Nigeria’s retail sector is dominated by traditional trade formats like open markets and kiosks in terms of absolute store numbers. Despite the prevalence of these channels, the Nielsen Nigeria Shopper Trends 2017 synidicated report reveals that modern trade formats like supermarkets and hypermarkets are stepping up to fulfill the needs of consumers.
Modern trade has the means to provide a comprehensive shopping experience, but in tougher economic times shoppers are actively seeking promotions and value for money that would make their trip to the stores worthwhile.
In terms of the main shopping destinations, more than half of shoppers visit supermarkets and hypermarkets, which together, account for 26% of spend. Beyond modern trade, 76% of consumers shop in open markets, and on average, shoppers frequent these outlets 10 times a month or twice a week. The second-highest number of shoppers (61%) visit kiosks, but far more frequently at 20 times a month, although a smaller proportion of their grocery spend (12%) is in this channel.
The main reason Nigerians embark on a shopping trip is for regular pantry restocking, followed by essential or emergency items at 16% and everyday needs.
Within this assortment of retail options, one of the most interesting findings of the study is that 90% of Nigerian shoppers say they “enjoy doing grocery shopping” and 87% say they always prefer to shop in a well organised store with a pleasant ambience, with the same number stating that when they shop for groceries; customer service is very important to them. To capitalise on this mindset; retailers should look for optimising the store experience via organised store layouts, innovative merchandising and stand out promotional displays. In addition, it’s clear that shopper engagement is key, complemented by personalised customer service.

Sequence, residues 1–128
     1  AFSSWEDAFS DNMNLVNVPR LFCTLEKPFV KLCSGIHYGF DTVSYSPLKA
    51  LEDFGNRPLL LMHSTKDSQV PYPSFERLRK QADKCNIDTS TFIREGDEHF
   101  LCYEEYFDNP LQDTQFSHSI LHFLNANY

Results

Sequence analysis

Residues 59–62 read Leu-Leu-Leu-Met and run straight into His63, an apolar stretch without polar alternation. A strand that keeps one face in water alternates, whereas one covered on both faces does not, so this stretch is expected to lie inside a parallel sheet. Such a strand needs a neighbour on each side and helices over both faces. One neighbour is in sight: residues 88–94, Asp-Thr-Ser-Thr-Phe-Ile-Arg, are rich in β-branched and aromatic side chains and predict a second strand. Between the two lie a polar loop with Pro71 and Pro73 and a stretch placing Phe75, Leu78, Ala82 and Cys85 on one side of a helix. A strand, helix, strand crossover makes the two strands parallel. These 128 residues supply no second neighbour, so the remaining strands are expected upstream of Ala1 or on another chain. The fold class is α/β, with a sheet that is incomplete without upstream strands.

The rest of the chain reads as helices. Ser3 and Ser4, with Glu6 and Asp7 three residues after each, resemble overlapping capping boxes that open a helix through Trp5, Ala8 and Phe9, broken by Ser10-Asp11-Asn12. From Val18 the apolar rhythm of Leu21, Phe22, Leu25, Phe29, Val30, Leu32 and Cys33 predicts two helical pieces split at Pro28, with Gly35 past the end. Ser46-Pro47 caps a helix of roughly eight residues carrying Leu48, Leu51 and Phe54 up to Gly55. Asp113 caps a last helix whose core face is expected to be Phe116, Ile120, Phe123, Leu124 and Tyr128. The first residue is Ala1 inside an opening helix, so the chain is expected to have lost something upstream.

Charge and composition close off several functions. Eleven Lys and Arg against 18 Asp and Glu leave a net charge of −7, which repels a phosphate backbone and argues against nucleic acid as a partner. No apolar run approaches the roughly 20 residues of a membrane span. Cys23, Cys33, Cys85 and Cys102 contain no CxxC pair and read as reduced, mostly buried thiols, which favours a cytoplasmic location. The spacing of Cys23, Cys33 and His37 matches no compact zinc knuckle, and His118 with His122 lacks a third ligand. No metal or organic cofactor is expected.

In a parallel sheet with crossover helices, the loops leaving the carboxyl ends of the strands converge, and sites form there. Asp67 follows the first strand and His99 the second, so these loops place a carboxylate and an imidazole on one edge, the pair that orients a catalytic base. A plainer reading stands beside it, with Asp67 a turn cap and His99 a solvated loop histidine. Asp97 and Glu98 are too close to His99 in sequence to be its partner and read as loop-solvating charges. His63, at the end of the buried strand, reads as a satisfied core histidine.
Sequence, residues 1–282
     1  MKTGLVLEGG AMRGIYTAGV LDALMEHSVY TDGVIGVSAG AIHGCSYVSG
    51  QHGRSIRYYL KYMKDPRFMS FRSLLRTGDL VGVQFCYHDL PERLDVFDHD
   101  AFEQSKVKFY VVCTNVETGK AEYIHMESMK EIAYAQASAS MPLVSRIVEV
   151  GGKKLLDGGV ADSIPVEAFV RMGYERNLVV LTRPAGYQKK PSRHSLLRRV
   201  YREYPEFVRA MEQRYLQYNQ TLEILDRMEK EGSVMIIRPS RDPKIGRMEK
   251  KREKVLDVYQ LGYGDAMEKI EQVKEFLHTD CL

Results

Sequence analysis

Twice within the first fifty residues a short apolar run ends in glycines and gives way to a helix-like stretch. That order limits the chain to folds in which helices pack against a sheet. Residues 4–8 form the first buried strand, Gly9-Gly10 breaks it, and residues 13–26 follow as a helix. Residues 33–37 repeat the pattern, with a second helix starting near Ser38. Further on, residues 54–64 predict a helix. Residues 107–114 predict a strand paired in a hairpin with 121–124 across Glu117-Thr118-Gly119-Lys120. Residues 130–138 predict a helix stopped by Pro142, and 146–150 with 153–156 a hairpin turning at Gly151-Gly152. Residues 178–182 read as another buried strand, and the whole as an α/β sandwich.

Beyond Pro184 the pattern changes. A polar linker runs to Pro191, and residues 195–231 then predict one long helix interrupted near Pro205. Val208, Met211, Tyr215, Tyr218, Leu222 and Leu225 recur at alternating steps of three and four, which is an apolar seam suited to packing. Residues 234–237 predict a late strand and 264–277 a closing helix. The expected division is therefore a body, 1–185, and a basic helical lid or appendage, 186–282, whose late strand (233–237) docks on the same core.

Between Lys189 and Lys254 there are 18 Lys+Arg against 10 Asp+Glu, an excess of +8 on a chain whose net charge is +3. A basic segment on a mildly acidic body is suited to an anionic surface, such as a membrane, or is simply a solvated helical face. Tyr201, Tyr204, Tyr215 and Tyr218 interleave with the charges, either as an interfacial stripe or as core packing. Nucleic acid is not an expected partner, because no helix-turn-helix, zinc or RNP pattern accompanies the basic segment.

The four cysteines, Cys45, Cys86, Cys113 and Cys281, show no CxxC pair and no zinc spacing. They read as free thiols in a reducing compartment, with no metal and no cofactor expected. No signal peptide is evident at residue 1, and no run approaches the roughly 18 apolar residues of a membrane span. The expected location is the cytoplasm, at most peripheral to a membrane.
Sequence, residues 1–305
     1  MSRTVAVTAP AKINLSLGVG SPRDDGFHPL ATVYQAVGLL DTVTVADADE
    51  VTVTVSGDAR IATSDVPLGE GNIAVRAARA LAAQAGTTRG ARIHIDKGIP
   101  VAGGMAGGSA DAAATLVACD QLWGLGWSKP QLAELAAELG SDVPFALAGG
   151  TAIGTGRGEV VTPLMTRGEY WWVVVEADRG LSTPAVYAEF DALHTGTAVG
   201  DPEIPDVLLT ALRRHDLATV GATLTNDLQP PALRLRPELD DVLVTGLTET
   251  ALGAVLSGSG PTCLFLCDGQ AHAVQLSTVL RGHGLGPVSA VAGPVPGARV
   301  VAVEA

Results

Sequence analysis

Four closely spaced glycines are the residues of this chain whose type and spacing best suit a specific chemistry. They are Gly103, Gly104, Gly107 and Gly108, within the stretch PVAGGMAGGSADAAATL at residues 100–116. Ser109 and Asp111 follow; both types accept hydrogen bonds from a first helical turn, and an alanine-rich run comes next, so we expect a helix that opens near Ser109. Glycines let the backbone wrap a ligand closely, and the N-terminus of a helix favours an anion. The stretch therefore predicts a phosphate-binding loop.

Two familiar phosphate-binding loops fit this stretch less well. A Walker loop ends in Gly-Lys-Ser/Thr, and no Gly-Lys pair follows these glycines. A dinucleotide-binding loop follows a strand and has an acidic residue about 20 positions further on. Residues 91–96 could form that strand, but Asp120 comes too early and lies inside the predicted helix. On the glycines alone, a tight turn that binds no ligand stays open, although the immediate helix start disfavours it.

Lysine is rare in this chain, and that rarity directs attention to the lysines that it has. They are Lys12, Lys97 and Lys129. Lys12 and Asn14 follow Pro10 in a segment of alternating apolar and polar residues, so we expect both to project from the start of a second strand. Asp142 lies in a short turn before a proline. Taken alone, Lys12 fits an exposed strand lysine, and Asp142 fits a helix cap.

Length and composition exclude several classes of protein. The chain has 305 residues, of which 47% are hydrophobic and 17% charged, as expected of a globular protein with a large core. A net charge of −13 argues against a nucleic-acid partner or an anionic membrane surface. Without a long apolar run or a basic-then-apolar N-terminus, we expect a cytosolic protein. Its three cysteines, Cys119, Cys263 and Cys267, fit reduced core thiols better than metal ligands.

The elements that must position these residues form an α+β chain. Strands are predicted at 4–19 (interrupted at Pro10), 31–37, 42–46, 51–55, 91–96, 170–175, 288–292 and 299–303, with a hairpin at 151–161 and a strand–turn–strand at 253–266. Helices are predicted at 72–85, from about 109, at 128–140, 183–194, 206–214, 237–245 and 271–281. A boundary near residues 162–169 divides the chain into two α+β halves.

Nigerians also carefully consider their choices prior to purchase, with 92% saying they usually plan what to buy before they shop for groceries and 86% stating they have a strict budget for household groceries, however 82% say although they do plan they usually end up buying additional grocery items, which shows they’re open to unplanned or impulse purchases.
Against a backdrop of tough economic conditions and high inflation the study revealed that consumers have understandably become more price conscious. In response to this challenging scenario, 70% of Nigerian shoppers said they are aware of the prices of the items they buy off grocery shelves and more than 95% of shoppers notice when the price changes.
Sixty percent of shoppers indicated they are choosing to cut back on luxuries and only buying essential basket items, while 27% of shoppers are buying less groceries in total. In the effort to meet the rise in prices, another 23% are buying in bulk to gain lower prices and 17% of shoppers are switching to cheaper products.
The fast-moving consumer goods categories that have most been affected by increasing food prices and resulted in lower purchases by shoppers are fruit juices (93%), followed by carbonated soft drinks and mineral water (92%); fresh meat/poultry and fish/seafood at 91%, and laundry detergent and household products category also at 91%.
Within this scenario, 76% of shoppers said they are influenced in some way by promotions and 21% were prepared to change stores, based on which one has the best promotions during that shopping trip. This provides an excellent opportunity for modern trade outlets which are synonymous with this type of activity to offer enhanced promotions to drive incremental sales.
As Nigerian consumers look for greater value and efficiency due to the macro-economic and inflationary pressures they face, they are trading down on spend. Promotions and pricing will therefore be key tactics to attract consumers to stores.
For additional information on Nielsen Nigeria Shopper Trends 2017 report, click here.